“Then you’ll work that Best Western?”

“Just the lobby fireplace, man. You can get any asshole to slap down twelve-bys on the rooms.” He knew what his happy ass was worth, and it was worth more than mindless tile work. He liked to be pushed some.

“Just the lobby.” Lou rolled his eyes like dice. “The owner’s wife has ideas.”

“Faboo.” Something else he was pretty good at was talking to folks. He liked people, so for the most part, people liked him. “I can talk to her Tuesday afternoon or Wednesday, huh? Let her show me what all she wants.”

Lou snorted. “Oh, I’m sure she’ll love whatever you have to offer. Try for Tuesday, yeah? I want you done over there by Friday. I’ve got a couple of big jobs I’ve bid on for the week after, and there might be some design work on one of them. I could use you.”

“Just call.” Lou paid on time and, so far, didn’t seem to be too much of a dick, so Colby gave the big man priority. “Have a good weekend, sir.”

“You too, cowboy.”

He tipped his gimme cap and headed out to his F-250, then hauled his butt up into the cab. “Okay. Let’s get this show on the road.”

Colby cracked his window, turned Luke Bryan up loud, and put on his sunglasses. Damn, he did love to have him some springtime, even if it came later up here than it did back home. The snow was gone, the trees were budding, and the sun was making promises that it might be time to grill out wearing nothing but his cutoffs.

Between the weather and his music, the forty-minute drive from the worksite just flew on by. Traffic into town was pretty heavy but moving, and it wasn’t long before he was pulling into the lot at Delmara. He saw Gordy’s Wrangler, looking a damn sight cleaner than any Jeep he’d ever seen back home. Figured. That Wrangler probably hadn’t seen a dirt road in its life. He parked right next to the shiny Jeep, tossed his sunglasses on the seat, grabbed his tool belt, and headed inside.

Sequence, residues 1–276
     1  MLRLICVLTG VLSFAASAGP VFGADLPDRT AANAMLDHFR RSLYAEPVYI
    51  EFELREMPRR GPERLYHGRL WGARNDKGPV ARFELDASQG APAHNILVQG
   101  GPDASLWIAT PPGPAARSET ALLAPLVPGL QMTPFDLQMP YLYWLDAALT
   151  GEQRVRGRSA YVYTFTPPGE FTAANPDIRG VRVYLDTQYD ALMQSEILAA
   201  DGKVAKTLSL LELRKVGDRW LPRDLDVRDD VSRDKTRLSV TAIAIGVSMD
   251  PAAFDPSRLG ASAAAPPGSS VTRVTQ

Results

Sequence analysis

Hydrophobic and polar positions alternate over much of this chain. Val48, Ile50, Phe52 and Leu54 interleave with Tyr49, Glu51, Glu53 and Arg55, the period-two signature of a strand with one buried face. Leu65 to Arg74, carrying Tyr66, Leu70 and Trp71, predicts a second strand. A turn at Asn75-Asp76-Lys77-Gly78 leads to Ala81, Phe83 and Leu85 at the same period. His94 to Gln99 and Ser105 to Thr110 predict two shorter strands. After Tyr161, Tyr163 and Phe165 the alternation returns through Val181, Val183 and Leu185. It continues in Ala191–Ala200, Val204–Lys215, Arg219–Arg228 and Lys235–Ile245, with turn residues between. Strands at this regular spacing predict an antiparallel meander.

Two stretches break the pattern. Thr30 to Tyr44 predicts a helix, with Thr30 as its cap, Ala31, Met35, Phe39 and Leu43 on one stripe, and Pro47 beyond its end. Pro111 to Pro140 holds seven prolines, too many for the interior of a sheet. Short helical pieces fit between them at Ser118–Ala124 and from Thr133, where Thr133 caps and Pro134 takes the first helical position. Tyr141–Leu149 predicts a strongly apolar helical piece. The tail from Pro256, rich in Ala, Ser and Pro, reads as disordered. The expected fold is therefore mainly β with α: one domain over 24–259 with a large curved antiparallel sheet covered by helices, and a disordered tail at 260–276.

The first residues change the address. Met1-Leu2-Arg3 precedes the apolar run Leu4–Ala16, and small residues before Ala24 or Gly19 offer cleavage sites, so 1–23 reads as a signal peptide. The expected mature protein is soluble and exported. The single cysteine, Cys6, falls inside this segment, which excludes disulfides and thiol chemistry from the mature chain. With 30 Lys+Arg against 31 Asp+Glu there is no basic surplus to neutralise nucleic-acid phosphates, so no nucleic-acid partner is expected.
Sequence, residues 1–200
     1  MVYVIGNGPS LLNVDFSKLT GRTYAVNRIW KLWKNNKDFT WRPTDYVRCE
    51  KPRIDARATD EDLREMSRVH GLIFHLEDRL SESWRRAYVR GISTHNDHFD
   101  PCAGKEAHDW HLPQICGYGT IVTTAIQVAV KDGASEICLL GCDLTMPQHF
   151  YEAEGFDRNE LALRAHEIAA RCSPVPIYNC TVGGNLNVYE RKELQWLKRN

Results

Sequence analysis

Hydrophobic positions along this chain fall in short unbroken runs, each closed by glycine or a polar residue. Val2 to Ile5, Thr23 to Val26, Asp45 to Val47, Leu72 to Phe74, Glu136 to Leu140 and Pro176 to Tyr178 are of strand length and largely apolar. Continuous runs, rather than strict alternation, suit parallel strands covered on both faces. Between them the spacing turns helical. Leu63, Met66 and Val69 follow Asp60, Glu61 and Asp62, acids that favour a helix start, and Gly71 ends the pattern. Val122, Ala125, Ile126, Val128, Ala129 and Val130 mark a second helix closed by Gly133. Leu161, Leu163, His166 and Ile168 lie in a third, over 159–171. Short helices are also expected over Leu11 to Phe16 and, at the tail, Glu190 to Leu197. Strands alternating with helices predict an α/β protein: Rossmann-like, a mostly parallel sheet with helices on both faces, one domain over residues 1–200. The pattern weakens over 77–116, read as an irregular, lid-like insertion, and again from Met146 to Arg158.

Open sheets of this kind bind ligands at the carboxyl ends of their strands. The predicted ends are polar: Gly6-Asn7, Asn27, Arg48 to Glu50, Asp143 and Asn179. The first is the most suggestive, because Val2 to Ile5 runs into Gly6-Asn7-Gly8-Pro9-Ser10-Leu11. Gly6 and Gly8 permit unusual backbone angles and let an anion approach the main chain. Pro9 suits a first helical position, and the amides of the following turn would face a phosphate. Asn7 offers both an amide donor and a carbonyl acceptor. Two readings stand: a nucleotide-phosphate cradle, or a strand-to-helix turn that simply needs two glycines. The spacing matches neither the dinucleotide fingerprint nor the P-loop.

“Ah, Mr. McBride.” Gordy’s manager waved him over to the bar. Hell if he could remember the guy’s name.

“Yes, sir. Mr. James called. Says he got a job for me?”

“Yes, but he wants you to stop by his office first. You remember where you’re going?”

“Think so.”

“I’ll buzz him. You can head on back.”

He headed through the restaurant to the office, thinking that the tile floor in the hall probably ought to be replaced. It was pretty beat-up.

Gordy’s office door opened before he even had a chance to knock. “Hey, man. Come on in.”

“Hey, honey. You wanting me to get to work on that bathroom, huh?” Look at that hot motherfucker. Colby did like him some stud.

Gordy closed the office door. He turned around, and Colby got a good view of his five-o’clock shadow and his crazy green eyes. “I’d really like to take a break now, but we open in two hours, and those ladies aren’t going to like you in their bathroom much.”

“I live to serve, honey, and your fancy-assed customers might be took aback by my Wrangler butt.”

“They’re not that fancy. You’re just that cowboy.” Gordy laughed, blond bangs falling in his eyes. He swept them away the way he did, one hand carding through them and then that little toss of his head. Gordy gave him one of them weird-assed man-hug deals, bicep popping through his shirt like some high-dollar Popeye. “Thanks for coming by. Now get to work.”